A defense attorney says an apparent attempt to save money in 9th Judicial District Court could wind up costing taxpayers thousands more in new trials.
The court clerk's office segregated prospective jurors who only spoke Spanish into a single panel — one of five panels of prospective jurors assembled Aug. 1 for the current court term that ends Nov. 30.
"Unfortunately," said defense attorney James Klipstine, "the United States Supreme Court has said you can't do that."
Klipstine has already filed a request arguing for a new trial in the Sept. 27 second-degree murder conviction of Guadalupe Flores, citing the existence of the panel. Other area defense lawyers are scrambling to do the same.
Flores was accused of running a car off the road in November 2011 driven by her boyfriend Anthony Mah that ended in a crash killing Brandon Vann, a passenger in the Mah car.
The existence of the panel was confirmed Thursday by Chief Judge Ted Hartley, who said a letter explaining the situation was recently mailed to all defense attorneys who had argued cases since Aug. 1.
Hartley declined any further comment beyond contents of the letter, which wasn't immediately available.
Court Manager Shelly Burger, who runs the clerk's office, also declined comment.
Transcripts from a recent case obtained by the CNJ, however, indicate Hartley, Mowrer and Judge Stephen Quinn met about two weeks ago with District Attorney Matt Chandler to discuss the problem and how to fix it.
During his on-the-record discussion, Quinn said the clerk's office picked out all the Spanish-speaking potential jurors who would need interpreters from the list of randomly selected juror candidates provided by the state. Those potential jurors were then all placed on Panel 1.
Quinn noted during the hearing "we talked about our plan for this month, for November coming up, and the issue related to the placement of all Spanish-speaking jurors that needed interpreters on one panel … a cost-saving matter…"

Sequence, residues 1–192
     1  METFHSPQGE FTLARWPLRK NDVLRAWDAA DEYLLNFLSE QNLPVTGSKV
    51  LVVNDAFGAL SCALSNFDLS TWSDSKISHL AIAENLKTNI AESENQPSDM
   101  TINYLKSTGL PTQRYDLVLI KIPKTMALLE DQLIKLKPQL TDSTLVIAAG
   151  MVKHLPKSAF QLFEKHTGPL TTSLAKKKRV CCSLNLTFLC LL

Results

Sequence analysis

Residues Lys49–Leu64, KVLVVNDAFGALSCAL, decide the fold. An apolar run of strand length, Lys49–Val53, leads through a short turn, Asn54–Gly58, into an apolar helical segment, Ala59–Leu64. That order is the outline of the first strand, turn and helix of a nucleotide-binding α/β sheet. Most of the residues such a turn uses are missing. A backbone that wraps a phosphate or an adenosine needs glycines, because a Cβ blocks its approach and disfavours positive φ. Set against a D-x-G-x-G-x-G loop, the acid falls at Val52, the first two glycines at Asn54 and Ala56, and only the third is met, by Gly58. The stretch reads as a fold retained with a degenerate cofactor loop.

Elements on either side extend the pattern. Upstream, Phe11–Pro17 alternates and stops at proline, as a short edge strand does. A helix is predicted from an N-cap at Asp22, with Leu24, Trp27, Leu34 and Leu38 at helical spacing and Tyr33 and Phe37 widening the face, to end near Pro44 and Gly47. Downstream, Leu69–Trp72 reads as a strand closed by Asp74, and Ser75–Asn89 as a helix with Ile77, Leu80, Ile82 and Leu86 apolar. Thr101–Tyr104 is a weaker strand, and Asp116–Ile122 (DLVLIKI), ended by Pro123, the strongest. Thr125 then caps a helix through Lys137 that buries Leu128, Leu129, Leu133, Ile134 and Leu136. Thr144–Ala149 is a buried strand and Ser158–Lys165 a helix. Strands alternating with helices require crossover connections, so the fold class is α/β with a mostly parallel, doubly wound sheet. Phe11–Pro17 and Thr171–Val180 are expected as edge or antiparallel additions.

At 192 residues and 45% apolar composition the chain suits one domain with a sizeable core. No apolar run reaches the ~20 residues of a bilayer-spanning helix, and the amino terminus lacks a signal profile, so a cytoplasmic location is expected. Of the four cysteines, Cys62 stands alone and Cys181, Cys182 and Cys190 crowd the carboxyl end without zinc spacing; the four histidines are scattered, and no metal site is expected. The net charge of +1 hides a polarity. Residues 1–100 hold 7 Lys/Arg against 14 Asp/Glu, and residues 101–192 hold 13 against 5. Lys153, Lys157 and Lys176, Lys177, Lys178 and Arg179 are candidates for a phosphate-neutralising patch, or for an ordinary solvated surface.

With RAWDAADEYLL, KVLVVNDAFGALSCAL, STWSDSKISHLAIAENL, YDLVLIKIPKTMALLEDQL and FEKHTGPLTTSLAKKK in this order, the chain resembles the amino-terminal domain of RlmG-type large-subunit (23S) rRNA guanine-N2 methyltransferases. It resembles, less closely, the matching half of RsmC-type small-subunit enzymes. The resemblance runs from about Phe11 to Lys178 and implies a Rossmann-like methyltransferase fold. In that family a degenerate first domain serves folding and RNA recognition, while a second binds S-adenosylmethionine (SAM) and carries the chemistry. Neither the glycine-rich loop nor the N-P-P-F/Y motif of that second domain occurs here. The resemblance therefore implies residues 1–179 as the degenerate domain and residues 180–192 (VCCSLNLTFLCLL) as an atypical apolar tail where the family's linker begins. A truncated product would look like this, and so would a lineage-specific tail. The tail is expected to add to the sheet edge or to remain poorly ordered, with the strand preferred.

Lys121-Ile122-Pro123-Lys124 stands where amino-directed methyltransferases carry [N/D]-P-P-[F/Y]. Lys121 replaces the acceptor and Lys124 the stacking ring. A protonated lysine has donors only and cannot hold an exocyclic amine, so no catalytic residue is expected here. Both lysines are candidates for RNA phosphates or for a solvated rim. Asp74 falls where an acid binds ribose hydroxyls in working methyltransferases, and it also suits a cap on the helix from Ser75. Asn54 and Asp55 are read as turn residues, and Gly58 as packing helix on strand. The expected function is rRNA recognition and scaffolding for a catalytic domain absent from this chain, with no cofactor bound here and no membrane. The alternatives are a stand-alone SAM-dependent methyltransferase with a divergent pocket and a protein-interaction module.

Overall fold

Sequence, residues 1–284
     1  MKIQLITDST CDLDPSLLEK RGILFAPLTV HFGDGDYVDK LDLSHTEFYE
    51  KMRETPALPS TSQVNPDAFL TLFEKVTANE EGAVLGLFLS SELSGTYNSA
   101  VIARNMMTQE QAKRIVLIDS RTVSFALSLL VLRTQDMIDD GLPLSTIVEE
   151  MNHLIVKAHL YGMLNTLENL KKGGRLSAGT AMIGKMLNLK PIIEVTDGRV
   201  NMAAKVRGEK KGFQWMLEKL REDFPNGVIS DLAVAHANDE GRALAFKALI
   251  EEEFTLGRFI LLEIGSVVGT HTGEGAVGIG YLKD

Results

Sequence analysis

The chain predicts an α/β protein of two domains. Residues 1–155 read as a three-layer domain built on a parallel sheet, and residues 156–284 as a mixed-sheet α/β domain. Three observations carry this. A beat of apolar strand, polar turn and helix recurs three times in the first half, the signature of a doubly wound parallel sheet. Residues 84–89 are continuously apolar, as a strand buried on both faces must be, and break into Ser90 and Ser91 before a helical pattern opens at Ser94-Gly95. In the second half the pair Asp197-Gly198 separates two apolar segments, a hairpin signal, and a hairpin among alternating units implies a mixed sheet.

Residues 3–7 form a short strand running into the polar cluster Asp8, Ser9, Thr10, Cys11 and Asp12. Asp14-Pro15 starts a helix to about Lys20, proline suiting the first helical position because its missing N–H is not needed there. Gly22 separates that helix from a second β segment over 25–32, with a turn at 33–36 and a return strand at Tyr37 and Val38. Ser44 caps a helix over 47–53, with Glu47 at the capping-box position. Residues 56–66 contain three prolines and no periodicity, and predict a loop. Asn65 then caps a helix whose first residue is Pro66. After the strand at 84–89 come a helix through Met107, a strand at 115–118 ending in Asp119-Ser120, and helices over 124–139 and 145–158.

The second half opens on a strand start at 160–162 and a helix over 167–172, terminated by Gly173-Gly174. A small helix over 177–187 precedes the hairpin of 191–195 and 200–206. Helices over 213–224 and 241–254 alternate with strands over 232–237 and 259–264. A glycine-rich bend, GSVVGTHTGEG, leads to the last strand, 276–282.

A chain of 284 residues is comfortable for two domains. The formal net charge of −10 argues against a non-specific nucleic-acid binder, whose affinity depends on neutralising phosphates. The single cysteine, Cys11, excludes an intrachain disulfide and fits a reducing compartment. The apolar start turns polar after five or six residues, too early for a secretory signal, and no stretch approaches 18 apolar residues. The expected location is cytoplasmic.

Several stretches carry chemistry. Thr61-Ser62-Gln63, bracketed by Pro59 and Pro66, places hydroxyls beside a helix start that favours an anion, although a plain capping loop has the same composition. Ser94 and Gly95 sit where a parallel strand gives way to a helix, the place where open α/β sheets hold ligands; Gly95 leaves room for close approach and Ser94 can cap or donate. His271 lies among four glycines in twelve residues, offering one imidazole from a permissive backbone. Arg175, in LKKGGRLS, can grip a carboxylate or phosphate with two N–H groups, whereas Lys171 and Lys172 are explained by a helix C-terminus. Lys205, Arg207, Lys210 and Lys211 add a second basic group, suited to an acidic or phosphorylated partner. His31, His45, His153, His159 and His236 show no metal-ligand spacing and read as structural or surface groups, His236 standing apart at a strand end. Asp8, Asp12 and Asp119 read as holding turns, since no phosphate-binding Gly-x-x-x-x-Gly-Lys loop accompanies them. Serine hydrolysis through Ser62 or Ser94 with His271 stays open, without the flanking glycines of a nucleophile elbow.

In an email response to the CNJ, Chandler said he learned of the panel from an unidentified defense attorney.
"At that time, I immediately reported what I heard to Chief Judge Teddy Hartley," Chander said. "I then went to the clerk and asked her if it were true, and she gave me a brief rendition of what she did and her reasoning behind it. I then immediately went back to Chief Judge Hartley and told him what I learned. I also told him that all defense attorneys that tried a jury trial since August should be advised of the issue and he agreed."
Despite the assembly, Chandler said he believed Flores got a fair trial from an impartial jury, "which, according to their (jurors') questionnaires, was made up of seven Hispanics, two African Americans, one failure to claim, and two Caucasians."
"Neither party knew how the district court impaneled the (Spanish-speaking only) jurors until well after the trial," Chandler said. "However, I believe Ms. Flores faced a panel of 12 qualified citizens that were randomly selected by both parties during jury selection, and when the parties rested their case at the end of the week this jury deliberated diligently and returned a just verdict of guilty on all counts."
Chandler also said, "To my knowledge, this is the first time the district court clerk has ever assembled the panels in this fashion."
Klipstine said he believes the court will have no other choice than to spend thousands of dollars on a new trial for Flores. He also said he doesn't think impaneling a Spanish-speaking only pool of jurors was anything more than a well-intentioned mistake.
"I don't believe there was any hidden agenda on anybody's part," Klipstine said. "I don't think there was any sinister intent."
However, Klipstine said, "The case law is pretty specific. You can't move jurors from one panel to another for reasons that have nothing to do with their qualifications. The Supreme Court basically said no, it's the accused's right to have fair representation on a jury and it must be one done (selected) at random."
Quinn stressed in his on-the-record remarks that no juror was removed from a panel.
"From the outset," Quinn said, "beginning with the pool as it came down from Santa Fe, all of the Spanish-speaking jurors were placed on (one) panel…"
Chandler echoed Quinn's remarks, noting "From what I understand at this point, no jurors were removed from any panel. Rather, when the district court clerk was entering the panels into the computer for randomization, she put all jurors that needed an interpreter on one panel."